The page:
Looking at Three Parenting Options
We look at the pro's and con's of:
Practicing Our Faith in Works of Love
We pray to be obedient to the needs God puts before us in daily living in a Maternity Home with its crisis and joys. In her Rule for the Martha and Mary Convent of Mercy in Moscow, Saint Elizabeth New Martyr wrote:
We realize that it is necessary to base all doing of spiritual works on gratitude to the Lord, in so far as He permits us to serve Him, through our neighbor ... We should not count how many souls we have saved or how many people we have helped. We must rise above this suffering world to heaven and rejoice with the angels over one soul that is saved, over one cup of cold water given in the name of Christ ... "In as much as ye have done it unto one of the least of these My brethren, ye have done it unto Me" (Matthew 25:40).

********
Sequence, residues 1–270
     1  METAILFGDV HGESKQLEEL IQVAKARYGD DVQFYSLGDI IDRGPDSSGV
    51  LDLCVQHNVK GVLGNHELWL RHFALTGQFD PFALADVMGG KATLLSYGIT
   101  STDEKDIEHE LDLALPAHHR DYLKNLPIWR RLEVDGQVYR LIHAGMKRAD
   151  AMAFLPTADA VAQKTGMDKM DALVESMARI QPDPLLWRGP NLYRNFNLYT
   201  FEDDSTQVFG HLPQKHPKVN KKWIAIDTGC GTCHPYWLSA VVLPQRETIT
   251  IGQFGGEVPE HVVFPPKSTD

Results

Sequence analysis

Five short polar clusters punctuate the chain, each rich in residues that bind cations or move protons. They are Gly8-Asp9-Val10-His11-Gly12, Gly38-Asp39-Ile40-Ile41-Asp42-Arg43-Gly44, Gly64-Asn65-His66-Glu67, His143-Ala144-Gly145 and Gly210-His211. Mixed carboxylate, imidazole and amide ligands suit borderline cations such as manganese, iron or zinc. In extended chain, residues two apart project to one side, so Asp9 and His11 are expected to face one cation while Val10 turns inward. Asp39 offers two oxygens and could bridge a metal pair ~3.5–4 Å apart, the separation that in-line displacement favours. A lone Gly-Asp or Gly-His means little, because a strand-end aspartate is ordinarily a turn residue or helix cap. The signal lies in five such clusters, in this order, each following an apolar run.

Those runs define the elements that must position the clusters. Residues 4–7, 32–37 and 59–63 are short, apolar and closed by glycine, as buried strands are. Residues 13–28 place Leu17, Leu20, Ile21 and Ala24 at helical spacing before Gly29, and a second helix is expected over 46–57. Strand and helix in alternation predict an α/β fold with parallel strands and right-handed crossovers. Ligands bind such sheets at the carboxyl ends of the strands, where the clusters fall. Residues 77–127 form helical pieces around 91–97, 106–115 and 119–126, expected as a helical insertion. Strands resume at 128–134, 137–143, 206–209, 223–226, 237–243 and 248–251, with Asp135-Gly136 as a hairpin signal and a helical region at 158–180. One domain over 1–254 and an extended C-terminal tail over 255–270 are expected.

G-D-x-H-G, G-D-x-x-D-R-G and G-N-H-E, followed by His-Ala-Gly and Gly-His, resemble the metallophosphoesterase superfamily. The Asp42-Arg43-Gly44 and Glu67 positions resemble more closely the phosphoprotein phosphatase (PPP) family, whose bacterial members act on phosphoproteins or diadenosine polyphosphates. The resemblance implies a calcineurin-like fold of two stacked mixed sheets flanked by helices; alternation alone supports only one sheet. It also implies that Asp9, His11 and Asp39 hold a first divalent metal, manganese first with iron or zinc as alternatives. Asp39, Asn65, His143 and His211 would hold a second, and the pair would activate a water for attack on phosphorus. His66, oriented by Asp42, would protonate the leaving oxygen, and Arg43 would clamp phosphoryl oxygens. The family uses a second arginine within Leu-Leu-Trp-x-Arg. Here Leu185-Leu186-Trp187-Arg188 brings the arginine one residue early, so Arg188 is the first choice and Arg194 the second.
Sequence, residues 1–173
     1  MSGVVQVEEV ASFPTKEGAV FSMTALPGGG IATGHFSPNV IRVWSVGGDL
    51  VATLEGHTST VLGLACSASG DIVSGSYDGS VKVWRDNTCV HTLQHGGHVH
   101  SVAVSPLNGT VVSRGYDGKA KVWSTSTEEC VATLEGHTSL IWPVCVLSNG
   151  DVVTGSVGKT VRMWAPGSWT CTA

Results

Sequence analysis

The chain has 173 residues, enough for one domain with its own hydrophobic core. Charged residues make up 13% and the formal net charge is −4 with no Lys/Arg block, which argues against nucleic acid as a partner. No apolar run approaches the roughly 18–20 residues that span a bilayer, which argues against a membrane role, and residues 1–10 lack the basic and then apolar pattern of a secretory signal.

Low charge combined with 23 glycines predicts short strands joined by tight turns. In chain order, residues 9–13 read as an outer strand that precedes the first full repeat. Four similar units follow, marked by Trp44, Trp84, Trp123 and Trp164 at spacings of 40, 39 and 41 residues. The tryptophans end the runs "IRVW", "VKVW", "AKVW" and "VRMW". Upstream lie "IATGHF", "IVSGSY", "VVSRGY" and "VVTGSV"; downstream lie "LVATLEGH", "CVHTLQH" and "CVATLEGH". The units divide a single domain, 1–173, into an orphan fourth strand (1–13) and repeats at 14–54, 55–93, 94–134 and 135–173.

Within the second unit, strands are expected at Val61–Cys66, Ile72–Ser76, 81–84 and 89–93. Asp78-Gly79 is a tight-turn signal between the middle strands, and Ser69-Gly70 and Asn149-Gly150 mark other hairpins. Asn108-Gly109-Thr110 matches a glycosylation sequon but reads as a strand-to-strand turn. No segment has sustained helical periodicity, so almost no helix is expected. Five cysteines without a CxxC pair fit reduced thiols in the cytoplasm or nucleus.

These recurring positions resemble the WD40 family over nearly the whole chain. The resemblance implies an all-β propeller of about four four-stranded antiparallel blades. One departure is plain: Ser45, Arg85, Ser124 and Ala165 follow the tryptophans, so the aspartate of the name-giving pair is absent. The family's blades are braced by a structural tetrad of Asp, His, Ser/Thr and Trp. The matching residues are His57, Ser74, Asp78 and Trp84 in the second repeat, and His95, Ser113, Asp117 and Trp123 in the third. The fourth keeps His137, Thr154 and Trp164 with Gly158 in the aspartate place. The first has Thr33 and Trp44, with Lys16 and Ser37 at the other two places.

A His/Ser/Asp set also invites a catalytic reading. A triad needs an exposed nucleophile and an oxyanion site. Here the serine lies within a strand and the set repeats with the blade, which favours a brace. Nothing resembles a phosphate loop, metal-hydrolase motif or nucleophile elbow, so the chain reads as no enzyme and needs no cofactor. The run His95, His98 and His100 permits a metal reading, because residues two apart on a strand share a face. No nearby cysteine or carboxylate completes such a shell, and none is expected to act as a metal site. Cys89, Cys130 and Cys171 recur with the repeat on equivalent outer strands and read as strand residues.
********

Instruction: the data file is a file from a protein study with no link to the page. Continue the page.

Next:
What we do in Martha and Mary House we do in the name of Christ. As an Orthodox Christian Maternity Home we are set apart. Broken families are a norm in our society, fatherlessness is rampant in single parent families. There is a fullness in Orthodoxy that gives a potential for healing and building lasting marriages and relationships. The women who have come to us were not Orthodox, but life here is saturated with Orthodox prayers, our own and those of our prayer partners -- friends, parishes and several monastic communities who are kept informed of special needs and remember us daily. We have icons in every room and observe Feasts and (modified) fasting.